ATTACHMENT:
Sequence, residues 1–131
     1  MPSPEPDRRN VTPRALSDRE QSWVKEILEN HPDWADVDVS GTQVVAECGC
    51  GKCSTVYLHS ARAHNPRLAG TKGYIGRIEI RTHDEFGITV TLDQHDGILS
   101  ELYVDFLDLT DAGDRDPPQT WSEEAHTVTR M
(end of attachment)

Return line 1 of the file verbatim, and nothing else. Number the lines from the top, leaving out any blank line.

Sequence, residues 1–131